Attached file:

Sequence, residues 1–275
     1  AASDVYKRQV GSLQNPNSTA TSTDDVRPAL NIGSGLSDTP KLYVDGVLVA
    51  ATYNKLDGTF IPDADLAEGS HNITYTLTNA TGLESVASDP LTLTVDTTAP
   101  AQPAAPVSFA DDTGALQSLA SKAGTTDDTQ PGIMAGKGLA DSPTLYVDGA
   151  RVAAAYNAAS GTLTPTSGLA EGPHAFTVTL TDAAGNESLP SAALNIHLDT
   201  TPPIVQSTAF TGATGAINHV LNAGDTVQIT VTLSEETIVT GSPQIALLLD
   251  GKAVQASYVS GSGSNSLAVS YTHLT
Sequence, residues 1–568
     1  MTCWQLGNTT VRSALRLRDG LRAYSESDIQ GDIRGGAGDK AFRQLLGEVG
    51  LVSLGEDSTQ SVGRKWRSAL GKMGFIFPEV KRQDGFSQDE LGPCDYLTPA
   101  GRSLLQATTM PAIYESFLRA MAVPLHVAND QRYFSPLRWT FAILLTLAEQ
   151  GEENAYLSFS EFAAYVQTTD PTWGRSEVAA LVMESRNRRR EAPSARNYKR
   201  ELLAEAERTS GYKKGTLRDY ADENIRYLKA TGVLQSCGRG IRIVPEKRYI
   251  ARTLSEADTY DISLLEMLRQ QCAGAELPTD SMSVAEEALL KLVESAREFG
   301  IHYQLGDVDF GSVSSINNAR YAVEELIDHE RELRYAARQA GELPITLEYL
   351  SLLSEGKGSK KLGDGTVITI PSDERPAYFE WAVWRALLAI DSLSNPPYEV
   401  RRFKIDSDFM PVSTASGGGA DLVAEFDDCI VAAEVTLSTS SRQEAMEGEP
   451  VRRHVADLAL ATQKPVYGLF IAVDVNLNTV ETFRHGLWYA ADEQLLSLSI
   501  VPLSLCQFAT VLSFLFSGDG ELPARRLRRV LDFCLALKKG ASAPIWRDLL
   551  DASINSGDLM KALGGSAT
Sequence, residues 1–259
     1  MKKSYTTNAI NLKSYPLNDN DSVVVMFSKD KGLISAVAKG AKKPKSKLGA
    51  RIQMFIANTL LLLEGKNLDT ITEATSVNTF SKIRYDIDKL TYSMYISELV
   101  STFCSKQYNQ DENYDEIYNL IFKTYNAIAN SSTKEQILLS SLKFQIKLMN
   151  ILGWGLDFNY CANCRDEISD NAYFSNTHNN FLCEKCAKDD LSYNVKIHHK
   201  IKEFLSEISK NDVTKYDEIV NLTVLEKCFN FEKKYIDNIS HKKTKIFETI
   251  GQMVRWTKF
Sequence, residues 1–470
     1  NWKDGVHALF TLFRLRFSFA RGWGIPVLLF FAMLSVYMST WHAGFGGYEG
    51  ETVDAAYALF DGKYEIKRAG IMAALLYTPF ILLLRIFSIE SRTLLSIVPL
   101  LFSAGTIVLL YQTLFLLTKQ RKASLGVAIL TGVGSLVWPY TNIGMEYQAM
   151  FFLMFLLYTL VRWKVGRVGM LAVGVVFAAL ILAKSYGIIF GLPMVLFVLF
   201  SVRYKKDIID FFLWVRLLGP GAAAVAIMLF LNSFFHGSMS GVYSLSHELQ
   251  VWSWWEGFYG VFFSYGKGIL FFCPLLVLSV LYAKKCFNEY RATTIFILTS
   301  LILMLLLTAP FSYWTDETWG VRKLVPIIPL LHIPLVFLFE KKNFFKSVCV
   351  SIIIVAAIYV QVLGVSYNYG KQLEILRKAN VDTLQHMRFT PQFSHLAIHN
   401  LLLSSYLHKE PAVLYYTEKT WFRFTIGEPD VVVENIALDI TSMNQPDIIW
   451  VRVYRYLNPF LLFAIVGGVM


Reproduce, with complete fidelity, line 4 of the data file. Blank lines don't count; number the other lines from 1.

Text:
   101  AQPAAPVSFA DDTGALQSLA SKAGTTDDTQ PGIMAGKGLA DSPTLYVDGA